Android Phone Tips
|Android Phone Tips|
Google has begun rolling out a patch to fix a security flaw in versions 2.3.3 and earlier of its Android mobile operating system. That flaw affects all Google services using the ClientLogin authentication protocol. It lets hackers access any personal data available through Android's application programming interfaces (APIs). "The flaw is now fixed for all versions of Android worldwide," Google spokesperson Randall Sarafa told LinuxInsider.
If the token is used in requests sent over unencrypted networks, such as WiFi networks, hackers can steal it. The hackers will gain full access to the victim's calendar, contacts information, or private Web-based photo albums. Google's patch forces an HTTPS connection for calendar and contacts sync on Android, Sarafa said.
Authentication tokens are widely used for online services such as eBay. There was a problem with the authentication token on Android because Google's implementation was faulty, Paul Laudanski, director of ESET's cyber threat analysis center, told LinuxInsider.
"The entry point is having an unpatched or vulnerable Android system connecting to Google services using ClientAuth over an unencrypted public WiFi network," Laudanski explained. Google services transmit the authorization token as an open text message, which can be easily stolen.
Android smartphone owners should stay away from heavily used public WiFi hotspots, Paquette warned. Wireshark is a network protocol analyzer for Unix and Windows. UDP, the User Datagram Protocol, is one of the core members of the Internet Protocol (IP) Suite. The team found that Google doesn't encrypt traffic to Google Calendar, although it properly encrypts traffic to Gmail and Google Voice.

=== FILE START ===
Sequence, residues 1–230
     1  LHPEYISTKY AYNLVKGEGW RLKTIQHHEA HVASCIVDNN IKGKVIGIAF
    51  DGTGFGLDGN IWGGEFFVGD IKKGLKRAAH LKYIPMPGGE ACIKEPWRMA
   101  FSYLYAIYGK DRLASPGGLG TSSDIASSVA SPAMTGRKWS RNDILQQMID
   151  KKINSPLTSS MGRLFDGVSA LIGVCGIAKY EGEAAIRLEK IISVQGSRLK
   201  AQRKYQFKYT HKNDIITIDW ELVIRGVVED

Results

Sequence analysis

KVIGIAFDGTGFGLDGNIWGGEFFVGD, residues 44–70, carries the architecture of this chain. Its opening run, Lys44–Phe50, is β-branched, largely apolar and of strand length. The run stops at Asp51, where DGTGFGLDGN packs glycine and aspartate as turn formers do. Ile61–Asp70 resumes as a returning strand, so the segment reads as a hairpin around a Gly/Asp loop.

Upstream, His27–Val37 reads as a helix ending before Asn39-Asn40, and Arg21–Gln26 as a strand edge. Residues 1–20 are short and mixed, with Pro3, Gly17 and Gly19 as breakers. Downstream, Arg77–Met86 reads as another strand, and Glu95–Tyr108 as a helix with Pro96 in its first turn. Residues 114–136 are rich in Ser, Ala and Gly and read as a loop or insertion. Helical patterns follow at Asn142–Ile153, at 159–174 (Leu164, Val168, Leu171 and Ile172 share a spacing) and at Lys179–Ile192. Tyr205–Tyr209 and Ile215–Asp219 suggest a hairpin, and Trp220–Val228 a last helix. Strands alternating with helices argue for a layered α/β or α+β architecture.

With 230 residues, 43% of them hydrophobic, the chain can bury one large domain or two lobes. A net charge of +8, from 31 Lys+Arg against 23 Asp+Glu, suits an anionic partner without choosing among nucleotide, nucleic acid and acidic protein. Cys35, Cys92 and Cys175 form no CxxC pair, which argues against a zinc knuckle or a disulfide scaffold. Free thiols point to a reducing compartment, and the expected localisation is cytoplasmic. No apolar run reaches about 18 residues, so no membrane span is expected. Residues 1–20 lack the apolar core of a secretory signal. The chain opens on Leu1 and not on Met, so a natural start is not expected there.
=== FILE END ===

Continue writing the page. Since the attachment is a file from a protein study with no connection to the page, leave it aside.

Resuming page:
A few days ago researchers at Ulm University in Germany found that it was “quite easy” for hackers to intercept data from Google’s photo-sharing, calendar and contacts applications, as well as potentially other Google services including Gmail, and already Google says it has “fixed” the problem.
The flaw worked by allowing unsecured wireless access points that imitate public Wi-Fi hot spots that the phone has accessed before to capture an authentication token. That token could then be used by attackers to access and modify personal data in calendar and contacts, as well as Google photo site Picasa. The problem may be short-lived, however for Google says the security flaw has been fixed in Android’s 2.3.4 version.
FORMER CEO Eric Schmidt has said that Google is will improve the security and privacy of Android devices by simplifying how its users define their sharing settings. According to the BBC, Schmidt, speaking at a UK conference on privacy, said that Google will simplify the app installation process and make it much clearer when and if users are expected to share their sensitive data. "It is worth stressing that we can only do this with data you have shared with Google.
By. Android Phone Tips